We need to set a more realistic timeline for students; for social entrepreneurs and social innovators. You don’t have to graduate and start a world changing venture or immediately get the dream job. In fact the social innovation field, and you, might be better off if you don’t. You’ve heard of patient capital? I’d like to argue we need more patient changemakers. Take your time. If this really is a life commitment, deliberately build yourself in to the person with the potential to meet the magnitude of the job.

More on this later…

Someone Else Implementing a Brilliant Idea -Part 2

Here’s the latest update from our friends implementing a self-directed reporting process. See previous blog posts here, and here.

“We put together a quarterly report on our work in Haiti for Q2, just as we’d done for Q1. But this time we also put together a Keynote presentation and scheduled a Webex call so that people could hear us talk about the work and expand upon it in ways that a powerpoint can’t do on its own. We all congratulated ourselves on a job well done - it was concise, it was informative, it was entertaining - and sent out a copy of the presentation. We just regretted not having recorded the audio version but figured we could do that the next time.

Of course… it turns out we only had a handful of people who dialed in to the call/presentation, in fact I think we had more internal staffers on it than outside participants. Ultimately, given everyone’s busy travel schedules and the fact that getting everyone in one room at once represented a considerable (human) investment on our part, we decided that for the next update - Q3, out next week - we will just be sending out a PDF version of the original-style document. So maybe simpler was better.

We’re not averse to doing another presentation, we just want to make sure it was worth our while. Worth anyone’s while, really. And if we’d gotten a check in the mail for some general operating support as a result of someone’s total confidence in us, we might have changed our minds again! But at present, I think that’s all that we, at our limited capacity, are able to do.”

Interesting. It’s still early days for this org, but it seems that the value of one reporting system is not as cut and dry as it might initially look. One of the reasons I thought this concept, of one report and one reporting call, made sense was that relationships could be built amongst the funders of an organisation.

Over the past few months I’ve been thinking a little about this when I’ve been on conference calls. Interaction and audience participation is really hard to cultivate in a group conf call setting. And that’s when people do in fact remember to dial in to the call. Has anyone cracked this puzzle? Are there specific things that can be done to ensure people 1) value the call enough to be sure they will dial in, and 2) have the right set up for meaningful and productive discussion? Or do you still end up following up personally with everyone after the call?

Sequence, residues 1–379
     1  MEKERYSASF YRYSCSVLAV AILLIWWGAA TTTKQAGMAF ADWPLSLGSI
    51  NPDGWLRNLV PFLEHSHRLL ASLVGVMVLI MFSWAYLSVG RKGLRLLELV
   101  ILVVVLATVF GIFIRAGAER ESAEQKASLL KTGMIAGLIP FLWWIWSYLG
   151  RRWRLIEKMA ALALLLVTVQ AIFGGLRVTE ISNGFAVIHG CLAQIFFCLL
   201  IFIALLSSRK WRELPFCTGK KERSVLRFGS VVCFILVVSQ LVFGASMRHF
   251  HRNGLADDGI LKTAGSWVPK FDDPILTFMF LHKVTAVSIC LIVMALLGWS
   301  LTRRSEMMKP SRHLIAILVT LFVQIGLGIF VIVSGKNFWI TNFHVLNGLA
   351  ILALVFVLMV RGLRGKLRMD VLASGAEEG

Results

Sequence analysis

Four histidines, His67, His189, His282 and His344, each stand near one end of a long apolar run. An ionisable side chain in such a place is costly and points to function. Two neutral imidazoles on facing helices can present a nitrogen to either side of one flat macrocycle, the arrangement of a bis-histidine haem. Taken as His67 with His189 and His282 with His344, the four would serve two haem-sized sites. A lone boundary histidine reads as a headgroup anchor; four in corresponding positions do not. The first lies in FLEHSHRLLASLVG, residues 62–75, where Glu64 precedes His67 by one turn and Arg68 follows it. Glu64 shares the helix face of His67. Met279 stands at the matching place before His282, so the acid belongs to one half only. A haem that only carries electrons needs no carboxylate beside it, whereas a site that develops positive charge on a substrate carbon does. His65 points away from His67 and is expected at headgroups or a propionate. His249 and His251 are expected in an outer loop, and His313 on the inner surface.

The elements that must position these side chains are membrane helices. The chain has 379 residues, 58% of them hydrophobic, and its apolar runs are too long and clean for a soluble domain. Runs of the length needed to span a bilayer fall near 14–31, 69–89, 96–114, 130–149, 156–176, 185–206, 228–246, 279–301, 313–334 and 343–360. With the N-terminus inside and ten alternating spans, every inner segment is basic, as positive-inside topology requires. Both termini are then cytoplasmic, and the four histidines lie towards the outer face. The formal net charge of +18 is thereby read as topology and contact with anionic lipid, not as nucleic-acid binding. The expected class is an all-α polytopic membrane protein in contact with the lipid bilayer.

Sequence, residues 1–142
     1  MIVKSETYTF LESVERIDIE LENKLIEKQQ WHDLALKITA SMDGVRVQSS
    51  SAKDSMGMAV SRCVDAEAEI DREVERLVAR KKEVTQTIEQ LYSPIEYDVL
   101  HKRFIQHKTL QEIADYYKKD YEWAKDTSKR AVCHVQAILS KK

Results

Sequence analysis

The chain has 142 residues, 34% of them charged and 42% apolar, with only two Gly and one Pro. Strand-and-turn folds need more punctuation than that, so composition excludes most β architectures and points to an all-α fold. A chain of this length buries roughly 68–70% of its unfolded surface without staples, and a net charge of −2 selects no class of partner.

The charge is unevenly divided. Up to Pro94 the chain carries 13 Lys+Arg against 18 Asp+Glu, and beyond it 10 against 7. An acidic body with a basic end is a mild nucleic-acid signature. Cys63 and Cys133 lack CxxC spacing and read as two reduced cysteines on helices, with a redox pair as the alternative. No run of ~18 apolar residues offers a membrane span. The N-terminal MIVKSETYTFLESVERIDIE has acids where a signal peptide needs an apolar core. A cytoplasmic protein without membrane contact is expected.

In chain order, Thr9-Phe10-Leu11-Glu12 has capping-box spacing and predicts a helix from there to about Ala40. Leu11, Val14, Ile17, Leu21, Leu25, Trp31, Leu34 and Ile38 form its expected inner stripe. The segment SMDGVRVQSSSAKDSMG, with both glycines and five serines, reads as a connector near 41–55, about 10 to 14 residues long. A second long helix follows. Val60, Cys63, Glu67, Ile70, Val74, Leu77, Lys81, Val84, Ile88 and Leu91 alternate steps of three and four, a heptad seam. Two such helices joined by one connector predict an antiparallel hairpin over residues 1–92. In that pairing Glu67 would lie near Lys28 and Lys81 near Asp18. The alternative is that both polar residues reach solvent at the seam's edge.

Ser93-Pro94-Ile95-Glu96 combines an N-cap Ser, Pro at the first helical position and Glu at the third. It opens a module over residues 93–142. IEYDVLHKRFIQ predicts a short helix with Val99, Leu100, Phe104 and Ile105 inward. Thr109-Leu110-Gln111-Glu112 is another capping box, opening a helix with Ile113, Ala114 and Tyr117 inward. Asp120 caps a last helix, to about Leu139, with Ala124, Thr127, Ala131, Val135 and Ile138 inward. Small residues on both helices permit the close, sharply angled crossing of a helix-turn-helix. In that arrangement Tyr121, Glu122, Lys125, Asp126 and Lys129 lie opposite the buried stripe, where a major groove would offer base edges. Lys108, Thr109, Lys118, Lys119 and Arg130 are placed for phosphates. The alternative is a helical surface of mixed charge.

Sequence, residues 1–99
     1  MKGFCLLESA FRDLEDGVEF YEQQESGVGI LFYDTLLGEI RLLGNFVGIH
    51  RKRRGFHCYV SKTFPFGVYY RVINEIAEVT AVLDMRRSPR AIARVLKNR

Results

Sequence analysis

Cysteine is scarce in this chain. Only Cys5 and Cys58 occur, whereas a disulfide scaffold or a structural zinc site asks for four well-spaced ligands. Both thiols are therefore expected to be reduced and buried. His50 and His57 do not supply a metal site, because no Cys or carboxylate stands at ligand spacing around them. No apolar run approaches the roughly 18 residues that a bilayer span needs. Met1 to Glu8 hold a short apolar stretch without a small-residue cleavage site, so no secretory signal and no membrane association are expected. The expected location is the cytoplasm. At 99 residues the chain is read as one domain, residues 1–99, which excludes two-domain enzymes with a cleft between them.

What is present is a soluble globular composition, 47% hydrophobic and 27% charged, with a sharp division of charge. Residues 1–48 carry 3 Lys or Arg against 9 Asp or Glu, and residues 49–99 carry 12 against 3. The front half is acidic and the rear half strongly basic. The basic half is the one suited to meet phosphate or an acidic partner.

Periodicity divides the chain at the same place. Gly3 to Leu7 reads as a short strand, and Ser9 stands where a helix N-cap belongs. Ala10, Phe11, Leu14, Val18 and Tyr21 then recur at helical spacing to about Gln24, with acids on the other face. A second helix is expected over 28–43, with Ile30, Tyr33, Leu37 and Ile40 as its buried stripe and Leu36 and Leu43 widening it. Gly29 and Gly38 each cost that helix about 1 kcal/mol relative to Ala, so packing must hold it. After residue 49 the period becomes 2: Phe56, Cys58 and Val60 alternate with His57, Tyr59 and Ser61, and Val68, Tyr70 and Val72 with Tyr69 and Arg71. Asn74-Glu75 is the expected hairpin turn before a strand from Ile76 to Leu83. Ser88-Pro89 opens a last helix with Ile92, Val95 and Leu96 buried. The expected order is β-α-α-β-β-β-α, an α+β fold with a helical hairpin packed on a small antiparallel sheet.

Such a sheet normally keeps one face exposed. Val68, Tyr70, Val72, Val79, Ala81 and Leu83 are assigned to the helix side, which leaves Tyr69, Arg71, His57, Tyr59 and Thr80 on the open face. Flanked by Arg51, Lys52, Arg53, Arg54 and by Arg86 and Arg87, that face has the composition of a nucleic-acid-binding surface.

As always, comments and ideas are welcome.

Dream Funder


For a few months we were pretty sure we were giving up on our blog. We didn’t think the time put in to writing posts produced enough value or usefulness. However, after a few conversations at the Opportunity Collaboration last month we’ve decided to get back on the wagon.

At the Opportunity Collaboration I led a dinner discussion on what makes an ‘ideal funder’. As you might imagine, we had lots of eager participants all ready to contribute to painting a picture of a great funder. There were grant seekers, grant makers, and philanthropy consultants at the table, drawing flowcharts, cartoons and writing lists. The discussion was broad and extensive (see word cloud above), but boiled down to 4 main points. So here, in the words of a group of thoughtful Opp Collab delegates are the top 4 characteristics of an ideal funding relationship:

- Trust
- Transparency
- Thoughtful flexibility
- Partnership

I’d love to hear specific stories and instances of funders demonstrating these characteristics. How does a funder demonstrate they trust you? In what way do you want funders to be transparent? Can you share examples of funders being thoughtfully flexible? What does a partnership with a funder look like?

Concrete examples will help us and other funders take list of nice, but abstract, words and figure out if and how we can put them in to action. This is about sharing best practices, not recognising specific people or organisations, so please keep your description general (no program officer/funder names).

Thanks, in advance of taking the time to type.

Someone Else's Brilliant Idea #2

We just offered to make intros/recommendations to 7 different funders/supporters on behalf of one of our SE partners. This doesn’t happen every day, so how did it occur?